If you are interested in the interpretability of GPT (even unrelated to our project), I can add you to a discord server full of GPT enthusiasts (just DM me). If you're interested in helping out our project specifically, DM me and we'll figure out a way to divvy up tasks.

# Appendix A

## Gomory-Hu Tree Contains Relevant Information on Modularity

1. The size of the minimum cut between two neurons can be used to measure the size of the interface between their modules.
2. Call two graphs G and G’ on the same vertices equivalent if for every two u,v, the sizes of their minimum cuts are the same in G and G’. It turns out that there always exists a G’ which is a tree! (The Gomory-Hu tree.)
3. It turns out that the minimum cut between two neurons within a module never needs to expose the innards of another module.

Therefore, the Gomory-Hu tree probably contains all the information needed to calculate the loss term and the hierarchy of software modules.

comment by ofer · 2020-09-04T16:45:39.333Z · score: 7 (2 votes) · LW(p) · GW(p)

Both the general idea of trying to train competitive NNs with modular architectures and the idea of trying to use language models to get descriptions of NNs (or parts thereof) seem extremely interesting! I hope a lot of work will be done on these research directions.

We’re assuming humans can interpret small NN’s, given enough time. A “Modular” NN is just a collection of small NN’s connected by sparse weights. If humans could interpret each module in theory, then GPT-N could too.

I'm not sure about that. Notice that we need GPT-N to learn a distribution over strings that assigns more probability to [a modular NN specification followed by a natural language description of its models modules] than [a modular NN specification followed by an arbitrary string]. Learning such a distribution may be unlikely if the training corpus doesn't contain anything as challenging-to-produce as the former (regardless of what humans can do in theory).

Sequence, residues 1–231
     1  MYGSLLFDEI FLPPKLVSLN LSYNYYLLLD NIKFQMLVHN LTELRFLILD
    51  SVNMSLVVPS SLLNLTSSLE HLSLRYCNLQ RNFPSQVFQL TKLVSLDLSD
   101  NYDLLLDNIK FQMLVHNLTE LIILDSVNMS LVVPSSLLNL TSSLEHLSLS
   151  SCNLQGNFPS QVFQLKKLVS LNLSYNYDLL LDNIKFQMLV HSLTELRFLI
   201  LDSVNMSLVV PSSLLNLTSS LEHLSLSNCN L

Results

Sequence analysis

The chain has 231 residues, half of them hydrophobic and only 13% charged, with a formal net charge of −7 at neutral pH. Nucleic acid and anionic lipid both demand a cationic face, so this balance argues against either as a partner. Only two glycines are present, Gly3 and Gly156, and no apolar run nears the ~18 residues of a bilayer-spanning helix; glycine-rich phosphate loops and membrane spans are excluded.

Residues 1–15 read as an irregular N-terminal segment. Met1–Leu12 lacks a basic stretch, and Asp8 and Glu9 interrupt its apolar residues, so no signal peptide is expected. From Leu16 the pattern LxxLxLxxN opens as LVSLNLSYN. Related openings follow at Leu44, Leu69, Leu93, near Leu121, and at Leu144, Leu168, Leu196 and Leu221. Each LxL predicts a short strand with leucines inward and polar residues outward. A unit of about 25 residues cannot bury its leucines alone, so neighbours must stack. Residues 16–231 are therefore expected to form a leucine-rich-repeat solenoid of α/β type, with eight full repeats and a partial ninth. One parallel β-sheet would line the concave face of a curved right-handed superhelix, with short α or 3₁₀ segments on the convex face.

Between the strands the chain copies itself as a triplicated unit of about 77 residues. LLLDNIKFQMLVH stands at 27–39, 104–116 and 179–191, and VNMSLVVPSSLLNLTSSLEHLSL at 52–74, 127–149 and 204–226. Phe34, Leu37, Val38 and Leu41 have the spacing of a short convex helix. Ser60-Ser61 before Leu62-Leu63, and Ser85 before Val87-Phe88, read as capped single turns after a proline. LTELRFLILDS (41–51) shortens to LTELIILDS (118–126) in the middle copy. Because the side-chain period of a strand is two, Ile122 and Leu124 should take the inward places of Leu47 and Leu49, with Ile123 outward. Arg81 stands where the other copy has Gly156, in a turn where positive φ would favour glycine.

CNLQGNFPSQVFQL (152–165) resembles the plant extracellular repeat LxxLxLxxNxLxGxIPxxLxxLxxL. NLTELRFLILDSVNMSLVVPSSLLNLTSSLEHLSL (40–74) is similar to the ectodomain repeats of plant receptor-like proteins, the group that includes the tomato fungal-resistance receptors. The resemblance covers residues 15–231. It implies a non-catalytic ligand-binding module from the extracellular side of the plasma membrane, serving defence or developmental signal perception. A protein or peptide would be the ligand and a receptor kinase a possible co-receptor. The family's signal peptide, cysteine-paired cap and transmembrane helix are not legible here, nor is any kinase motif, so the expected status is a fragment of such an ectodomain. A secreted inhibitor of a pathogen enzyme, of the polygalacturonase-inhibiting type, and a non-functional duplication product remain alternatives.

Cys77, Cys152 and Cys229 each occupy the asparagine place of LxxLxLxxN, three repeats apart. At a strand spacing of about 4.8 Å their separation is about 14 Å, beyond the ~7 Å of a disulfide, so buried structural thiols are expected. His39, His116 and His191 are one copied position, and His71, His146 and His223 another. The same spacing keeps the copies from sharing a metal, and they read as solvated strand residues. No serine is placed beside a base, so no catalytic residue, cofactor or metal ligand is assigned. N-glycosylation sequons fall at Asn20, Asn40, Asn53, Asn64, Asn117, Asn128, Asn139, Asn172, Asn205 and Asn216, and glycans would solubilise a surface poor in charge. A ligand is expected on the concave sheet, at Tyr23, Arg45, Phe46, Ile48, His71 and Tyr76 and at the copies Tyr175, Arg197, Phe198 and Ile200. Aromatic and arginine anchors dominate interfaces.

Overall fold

comment by lifelonglearner · 2020-09-04T18:23:46.168Z · score: 3 (2 votes) · LW(p) · GW(p)

This is a good point, and this is where I think a good amount of the difficulty lies, especially as the cited example of human interpretable NNs (i.e. Microscope AI) doesn't seem easily applicable to things outside of image recognition.

comment by ofer · 2020-09-04T18:58:51.405Z · score: 3 (2 votes) · LW(p) · GW(p)

I just to want to flag that, like Evan [LW(p) · GW(p)], I don't understand the usage of the term "microscope AI" in the OP. My understanding is that the term (as described here [LW · GW]) describes a certain way to use a NN that implements a world model, namely, looking inside the NN and learning useful things about the world. It's an idea about how to use transparency, not how to achieve transparency.

comment by elriggs · 2020-09-05T20:44:06.743Z · score: 1 (1 votes) · LW(p) · GW(p)

I’m expecting either (1) A future GPT’s meta-learning combined with better prompt engineering will be able to learn the correct distribution and find the correct distribution, respectively. Or (2) curating enough examples will be good enough (though I’m not sure if GPT-3 could do it even then).

comment by ofer · 2020-09-06T13:59:15.791Z · score: 1 (1 votes) · LW(p) · GW(p)